Source: Abstract #THU-439 interferon-free therapy is effective and safe for hepatitis C recurrence in liver transplant hepatitis C virus/human immunodeficiency virus coinfected recipients: a case-control study- M.-C. Londoño, et al.
Study Aims and Results: Current studies show interferon-free treatments are successful and safe for monoinfected liver transplant recipients with hepatitis C. There are fewer examples looking at how successful direct acting antivirals are in HCV/HIV co-infected liver transplant recipients. This study focused on looking at the success and side effects of interferon-free treatment in a national cohort of HCV/HIV coinfected participants who had HCV return after transplantation. There were 38 HCV/HIV-coinfected and 133 HCV monoinfected liver transplant participants enrolled in the study. The two groups were fairly similar in gender, age, genotype, viral load, fibrosis stage and the amount of time from transplantation to treatment at 38 and 47 months. All coinfected participants were on HIV treatment; 84% had a RNA viral load of less than 50 copies/ml (undetectable) and a median white blood cell count of 367 cells/uL. For comparison, 1100-1400 white blood cells/ul is the range of someone who is not immunocompromised. The top three direct acting antiviral treatments that were used are as follows: ledipasvir + sofosbuvir ± ribavirin (RBV) (33%), simeprevir+ sofosbuvir ± RBV (31%), daclatasvir + sofosbuvir ± RBV (28%), simeprevir+daclatasvir ± RBV (5%), and AbbVie’s 3D (3%). More than half of each cohort received RBV. The treatment success was also close among the cohorts, with 92% of the coinfected group having a sustained virologic response 12 weeks post treatment (cure), and 96% of the monoinfected group. There were no serious side effects of treatment or differences in success related to genotype and advanced fibrosis.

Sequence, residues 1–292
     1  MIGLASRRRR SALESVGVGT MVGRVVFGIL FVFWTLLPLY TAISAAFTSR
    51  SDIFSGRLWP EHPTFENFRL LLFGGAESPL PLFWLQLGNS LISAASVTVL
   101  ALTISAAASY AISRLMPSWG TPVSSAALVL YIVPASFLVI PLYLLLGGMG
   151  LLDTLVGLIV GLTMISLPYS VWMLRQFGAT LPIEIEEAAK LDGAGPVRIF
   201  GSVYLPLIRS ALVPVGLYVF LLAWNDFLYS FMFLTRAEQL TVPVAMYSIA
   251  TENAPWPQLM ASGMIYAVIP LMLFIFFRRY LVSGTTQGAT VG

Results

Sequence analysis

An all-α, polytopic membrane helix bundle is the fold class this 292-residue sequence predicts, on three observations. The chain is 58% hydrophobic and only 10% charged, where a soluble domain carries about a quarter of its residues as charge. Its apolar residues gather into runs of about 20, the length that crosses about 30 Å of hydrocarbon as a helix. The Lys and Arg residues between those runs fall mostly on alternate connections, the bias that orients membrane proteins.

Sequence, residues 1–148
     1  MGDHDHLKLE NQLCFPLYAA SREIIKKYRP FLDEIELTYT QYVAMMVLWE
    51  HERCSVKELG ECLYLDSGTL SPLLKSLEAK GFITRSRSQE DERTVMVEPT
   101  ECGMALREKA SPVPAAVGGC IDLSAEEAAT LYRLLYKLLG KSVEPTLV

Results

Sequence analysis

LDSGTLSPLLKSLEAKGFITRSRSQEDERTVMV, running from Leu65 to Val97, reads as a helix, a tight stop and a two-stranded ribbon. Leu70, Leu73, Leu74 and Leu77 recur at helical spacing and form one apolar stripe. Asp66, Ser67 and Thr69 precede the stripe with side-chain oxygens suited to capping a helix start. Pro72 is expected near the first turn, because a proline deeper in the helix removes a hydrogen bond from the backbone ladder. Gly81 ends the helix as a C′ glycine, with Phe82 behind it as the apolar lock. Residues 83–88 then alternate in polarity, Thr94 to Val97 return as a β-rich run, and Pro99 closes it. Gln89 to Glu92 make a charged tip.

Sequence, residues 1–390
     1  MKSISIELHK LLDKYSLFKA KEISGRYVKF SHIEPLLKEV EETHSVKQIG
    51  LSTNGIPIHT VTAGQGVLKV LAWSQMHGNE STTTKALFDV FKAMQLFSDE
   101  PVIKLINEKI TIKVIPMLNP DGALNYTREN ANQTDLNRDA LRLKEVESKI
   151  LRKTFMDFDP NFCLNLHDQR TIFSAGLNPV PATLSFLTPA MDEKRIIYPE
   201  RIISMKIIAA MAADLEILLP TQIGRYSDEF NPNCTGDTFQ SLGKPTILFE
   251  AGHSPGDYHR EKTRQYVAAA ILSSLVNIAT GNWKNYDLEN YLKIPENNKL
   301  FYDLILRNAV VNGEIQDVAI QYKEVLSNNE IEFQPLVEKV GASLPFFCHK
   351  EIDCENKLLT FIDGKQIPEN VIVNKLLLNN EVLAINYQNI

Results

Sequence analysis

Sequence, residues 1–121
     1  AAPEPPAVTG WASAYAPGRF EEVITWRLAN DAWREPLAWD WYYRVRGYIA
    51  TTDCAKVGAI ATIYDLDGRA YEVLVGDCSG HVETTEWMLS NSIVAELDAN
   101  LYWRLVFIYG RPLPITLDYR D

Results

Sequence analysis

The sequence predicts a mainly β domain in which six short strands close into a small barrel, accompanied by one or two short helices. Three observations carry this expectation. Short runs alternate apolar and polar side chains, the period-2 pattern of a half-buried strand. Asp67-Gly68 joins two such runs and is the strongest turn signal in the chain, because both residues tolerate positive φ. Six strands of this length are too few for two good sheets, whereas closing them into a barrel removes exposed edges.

Conclusion: This study was able to show interferon-free treatments for HIV-positive people who have had hepatitis C return are successful with few side effects. As important, this study showed that the success rates of interferon-free treatment were similar to hepatitis C monoinfected participants.